Predicting the future is something many experts avoid like the plague, but for Professor Neville Jackson, head of technology and innovation at 100-year-old Ricardo plc, there’s no hiding place.
Ricardo is a consultancy: it makes its money spotting transport trends and demands ahead of others, then coming up with the solutions it believes big manufacturers will need for a happy future.
This entails having a pretty accurate idea what customers will want from their cars in the next two to three model cycles, say between now and 2030, a tall order when you consider how much cars have changed in the recent past. Who’d have expected a three-cylinder, 1.0-litre Ford Mondeo? But when I spent an hour with Jackson at Ricardo’s Shoreham HQ recently, he described the future with a willingness and clarity I simply hadn’t heard before.
In 2020, says Jackson, we won’t see much change compared with the cars we know now. Things will be better done; cars will keep getting cleaner. There will still be plenty of diesels about, though they’ll gradually move to power bigger cars.
We can expect more electric functionality in cars and more downsizing of engines, but battery costs and weight will still dominate hybrid projects.
By 2025, we’ll see a graduation to more powerful, 48-volt electrical systems in cars, not least as a way of allowing cheaper models to keep using affordable, latest-spec lead-acid batteries (without the need for complicated controls systems) that can cut emissions but keep prices down.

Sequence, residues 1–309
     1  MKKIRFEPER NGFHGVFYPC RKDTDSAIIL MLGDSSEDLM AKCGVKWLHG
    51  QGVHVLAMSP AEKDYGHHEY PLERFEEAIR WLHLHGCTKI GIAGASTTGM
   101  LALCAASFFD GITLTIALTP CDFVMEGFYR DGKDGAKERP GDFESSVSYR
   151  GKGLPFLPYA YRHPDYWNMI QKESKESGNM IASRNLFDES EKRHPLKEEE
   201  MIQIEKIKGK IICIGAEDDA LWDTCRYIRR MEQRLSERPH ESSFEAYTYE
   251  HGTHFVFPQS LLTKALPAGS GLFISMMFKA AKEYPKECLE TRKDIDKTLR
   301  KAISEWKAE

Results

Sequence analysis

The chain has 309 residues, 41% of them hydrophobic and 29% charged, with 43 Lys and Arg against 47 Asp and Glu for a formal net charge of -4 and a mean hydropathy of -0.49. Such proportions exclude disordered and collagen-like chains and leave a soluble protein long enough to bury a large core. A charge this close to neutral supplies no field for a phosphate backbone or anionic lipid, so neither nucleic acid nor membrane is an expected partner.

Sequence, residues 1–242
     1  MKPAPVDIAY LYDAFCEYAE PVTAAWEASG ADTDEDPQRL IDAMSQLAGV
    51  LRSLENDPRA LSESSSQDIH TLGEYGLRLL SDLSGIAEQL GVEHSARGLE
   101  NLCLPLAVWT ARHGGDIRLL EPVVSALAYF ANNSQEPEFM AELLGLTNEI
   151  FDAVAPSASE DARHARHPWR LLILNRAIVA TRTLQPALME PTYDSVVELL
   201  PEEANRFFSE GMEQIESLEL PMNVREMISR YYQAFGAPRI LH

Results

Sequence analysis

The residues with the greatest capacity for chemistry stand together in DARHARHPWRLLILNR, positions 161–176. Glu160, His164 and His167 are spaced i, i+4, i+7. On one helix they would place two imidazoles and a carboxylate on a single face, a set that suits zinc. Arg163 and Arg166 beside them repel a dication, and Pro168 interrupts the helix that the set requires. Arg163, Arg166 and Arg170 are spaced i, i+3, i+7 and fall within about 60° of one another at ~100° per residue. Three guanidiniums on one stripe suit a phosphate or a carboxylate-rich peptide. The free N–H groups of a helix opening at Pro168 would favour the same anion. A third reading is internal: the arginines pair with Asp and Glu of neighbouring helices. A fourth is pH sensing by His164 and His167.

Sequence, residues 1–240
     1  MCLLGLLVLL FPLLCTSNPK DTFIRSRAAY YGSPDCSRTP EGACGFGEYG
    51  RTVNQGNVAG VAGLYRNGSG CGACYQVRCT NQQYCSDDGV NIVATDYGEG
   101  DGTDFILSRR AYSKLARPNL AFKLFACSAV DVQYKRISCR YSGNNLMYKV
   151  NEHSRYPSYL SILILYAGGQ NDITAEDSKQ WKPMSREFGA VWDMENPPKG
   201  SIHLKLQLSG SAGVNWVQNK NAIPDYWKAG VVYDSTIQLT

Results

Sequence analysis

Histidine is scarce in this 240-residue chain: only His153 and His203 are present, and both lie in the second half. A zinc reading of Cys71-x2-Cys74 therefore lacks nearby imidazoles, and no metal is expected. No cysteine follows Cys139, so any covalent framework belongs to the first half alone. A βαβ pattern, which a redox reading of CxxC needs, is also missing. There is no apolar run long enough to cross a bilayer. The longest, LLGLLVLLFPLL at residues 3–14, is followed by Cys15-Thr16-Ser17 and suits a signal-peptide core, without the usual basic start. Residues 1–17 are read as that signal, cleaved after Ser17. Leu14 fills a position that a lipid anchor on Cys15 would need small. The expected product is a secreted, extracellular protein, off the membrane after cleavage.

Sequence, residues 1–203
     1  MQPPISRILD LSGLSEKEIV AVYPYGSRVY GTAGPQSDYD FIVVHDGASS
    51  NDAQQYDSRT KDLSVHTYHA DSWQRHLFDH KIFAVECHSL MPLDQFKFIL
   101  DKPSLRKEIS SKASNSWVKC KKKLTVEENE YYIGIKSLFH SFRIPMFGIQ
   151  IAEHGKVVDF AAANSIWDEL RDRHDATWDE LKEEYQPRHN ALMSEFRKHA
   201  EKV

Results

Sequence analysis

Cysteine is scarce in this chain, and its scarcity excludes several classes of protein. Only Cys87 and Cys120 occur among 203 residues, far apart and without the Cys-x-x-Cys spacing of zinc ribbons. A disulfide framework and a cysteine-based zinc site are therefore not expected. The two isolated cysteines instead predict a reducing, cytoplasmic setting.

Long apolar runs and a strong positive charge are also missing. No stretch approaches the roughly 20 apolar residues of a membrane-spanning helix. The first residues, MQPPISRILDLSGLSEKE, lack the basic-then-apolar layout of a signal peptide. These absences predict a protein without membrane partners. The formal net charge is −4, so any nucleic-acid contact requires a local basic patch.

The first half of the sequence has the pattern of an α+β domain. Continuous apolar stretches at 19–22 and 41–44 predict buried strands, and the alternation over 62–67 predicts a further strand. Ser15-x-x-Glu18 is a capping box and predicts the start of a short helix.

Further up the price scale hybridisation may well become synonymous with performance. Slow and fast versions of a car will have similar consumption and emissions but the faster a model goes, the more powerful its electric motors will be, propelled by bigger and more expensive batteries and supporting electronics.
By 2030 we should see this technology spread downwards as volume cuts costs and promotes knowledge. Hybridisation will have spread to many cars. Pure electric vehicles will have much better ranges and move towards the mainstream, though charging will still be problematic for people living in densely packed suburbs.
Lighter cars are undoubtedly coming, says Jackson, but not simply because manufacturers adopt lightweight materials like aluminium or carbon fibre, both many times more expensive than steel. Lightness will have to be designed in, using revolutionary construction.
And hydrogen? It may come, Jackson allows, noting Toyota’s recent statements comparing progress of its forthcoming hydrogen cars with the onrush of its Prius range of hybrids through the 2000s. But it won’t arrive before someone finds a way of generating low-carbon hydrogen (most at present comes from hydrocarbons) and then invests billions distribution. I believe I’m being told not to hold my breath.
Most striking is Neville Jackson’s faith in the future: he is undaunted by the UK government’s much publicised and seemingly impossible undertaking to cut the country’s carbon emissions by 80% by 2050, not much more than three decades’ time. “I’m a great believer in the persistence and power of engineering,” he says calmly. “It will find disruptive solutions we can’t predict, just as the internet has brought advantages to our age we never expected.”